FCC votes to end ‘net neutrality’


A sign with an emoji reads "Don't take net neutrality away" is posted outside the Federal Communications Commission (FCC), in Washington, Thursday, Dec. 14, 2017, Thursday, Dec. 14, 2017. The FCC voted to eliminate net-neutrality protections for the internet. (AP Photo/Carolyn Kaster)

In 2015, after a long battle by U.S. citizens, the Federal Communications Commisson offered all Internet users basic net neutrality rights. Recently, the Trump Administration has announced plans to repeal these recently implanted laws.

December 14, 2017, the Federal Communications Commission repealed the Obama-era “net neutrality” rules,  giving internet service providers like Verizon, Comcast and AT&T a free hand to slow or block websites and apps as they see fit or charge more for faster speeds.

Net neutrality is the condition in which all parts of the internet are equally accessible, and no company or network can control how a person uses the internet. Without this right, a network provider or large company can actually control what websites a user can or cannot go to, and they can heavily promote one source over another.

As of Thursday, in a straight party-line vote of 3-2, the Republican-controlled FCC junked the longtime principle that said all web traffic must be treated equally. The move represents a radical departure from more than a decade of federal oversight.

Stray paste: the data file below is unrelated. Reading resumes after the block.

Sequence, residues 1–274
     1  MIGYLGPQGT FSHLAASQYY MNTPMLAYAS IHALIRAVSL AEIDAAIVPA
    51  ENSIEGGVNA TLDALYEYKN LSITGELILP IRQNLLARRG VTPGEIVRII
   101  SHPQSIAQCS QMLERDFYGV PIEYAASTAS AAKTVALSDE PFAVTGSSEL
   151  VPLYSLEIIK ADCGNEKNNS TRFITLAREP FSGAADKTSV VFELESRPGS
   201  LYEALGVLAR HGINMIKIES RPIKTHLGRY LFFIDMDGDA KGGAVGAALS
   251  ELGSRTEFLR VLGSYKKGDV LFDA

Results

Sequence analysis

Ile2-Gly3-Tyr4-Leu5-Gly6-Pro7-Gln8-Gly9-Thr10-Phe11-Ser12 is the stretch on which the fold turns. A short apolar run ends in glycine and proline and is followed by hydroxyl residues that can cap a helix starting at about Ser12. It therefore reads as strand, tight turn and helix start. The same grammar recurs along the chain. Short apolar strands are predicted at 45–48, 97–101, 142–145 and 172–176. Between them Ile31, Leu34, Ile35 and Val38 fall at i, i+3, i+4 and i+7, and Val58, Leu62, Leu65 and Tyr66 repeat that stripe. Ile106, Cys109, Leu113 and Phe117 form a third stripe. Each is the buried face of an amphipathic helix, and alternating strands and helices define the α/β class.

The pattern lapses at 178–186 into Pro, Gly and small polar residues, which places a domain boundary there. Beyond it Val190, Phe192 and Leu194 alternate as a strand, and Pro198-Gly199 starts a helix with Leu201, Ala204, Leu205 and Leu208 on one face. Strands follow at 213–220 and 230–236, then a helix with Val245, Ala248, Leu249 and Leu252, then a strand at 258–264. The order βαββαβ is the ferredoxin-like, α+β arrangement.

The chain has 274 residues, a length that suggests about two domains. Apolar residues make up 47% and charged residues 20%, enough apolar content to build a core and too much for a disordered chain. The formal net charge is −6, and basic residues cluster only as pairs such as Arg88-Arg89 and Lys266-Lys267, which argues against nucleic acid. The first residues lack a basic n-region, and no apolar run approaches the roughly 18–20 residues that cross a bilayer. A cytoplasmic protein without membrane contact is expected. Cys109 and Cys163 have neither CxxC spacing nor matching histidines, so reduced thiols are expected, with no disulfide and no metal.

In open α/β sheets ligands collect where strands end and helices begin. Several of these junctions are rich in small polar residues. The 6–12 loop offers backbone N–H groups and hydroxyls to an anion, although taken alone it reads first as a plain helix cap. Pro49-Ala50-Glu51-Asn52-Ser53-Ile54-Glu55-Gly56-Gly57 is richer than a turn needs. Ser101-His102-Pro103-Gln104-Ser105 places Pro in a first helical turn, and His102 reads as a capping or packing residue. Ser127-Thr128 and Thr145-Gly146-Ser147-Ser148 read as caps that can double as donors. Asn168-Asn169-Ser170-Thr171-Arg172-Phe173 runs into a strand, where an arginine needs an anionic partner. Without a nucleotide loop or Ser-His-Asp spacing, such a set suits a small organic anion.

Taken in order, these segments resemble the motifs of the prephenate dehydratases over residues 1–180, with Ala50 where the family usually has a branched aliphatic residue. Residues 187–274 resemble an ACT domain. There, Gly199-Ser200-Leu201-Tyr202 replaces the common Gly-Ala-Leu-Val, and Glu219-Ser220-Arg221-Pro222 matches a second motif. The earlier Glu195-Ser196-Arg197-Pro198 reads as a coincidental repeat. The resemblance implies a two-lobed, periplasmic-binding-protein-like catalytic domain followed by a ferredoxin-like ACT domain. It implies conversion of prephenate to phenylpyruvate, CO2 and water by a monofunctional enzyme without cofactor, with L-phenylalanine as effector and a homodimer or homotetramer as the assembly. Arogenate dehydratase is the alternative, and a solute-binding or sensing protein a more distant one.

The push to eliminate net neutrality has stirred fears among consumer advocates and many web companies. Ordinary Americans now fear that the cable and phone giants will be able to control what people see and do online.

Federal Communications Commission (FCC) Chairman Ajit Pai, left, greets witnesses before a meeting where the FCC will vote on net neutrality, Thursday, Dec. 14, 2017, in Washington. (photo Rachel Ballenger)

Consumers who have followed this fight at FCC are worried that they will be kept in the dark about news stories and events misleads citizens to believe that they have nothing to worry about, when, in reality, tragic and revolutionary events are happening every single day.

There past behavior of internet companies has indicated that consumers have a reason to fear blocking or slowing of sites. “Such things have happened before.

In 2007, for example, The Associated Press found that Comcast was blocking or throttling some file-sharing. And AT&T blocked Skype and other internet calling services on the iPhone until 2009.”

But the broadband industry has promised that the internet experience for the public isn’t going to change.

This has outraged countless citizens, and there are hundreds of petitions that have been signed to stop this. Many people have reached out to their state representatives as well, trying to prevent votes to repeal.

Under the new rules approved Thursday, the Comcasts and AT&Ts of the world could slow down or block access to services they don’t like or happen to be in competition with. They could also charge higher fees of rivals and make them pay up for higher transmission speeds. They just have to post their policies online or tell the FCC.

Many protesters have come together to show support for internet neutrality, expressing that the internet is not something that Trump or any company has the right to control.

White House spokeswoman Sarah Huckabee Sanders said the Trump administration “supports the FCC’s effort to roll back burdensome regulations. But as we have always done and will continue to do, we certainly support a free and fair Internet.”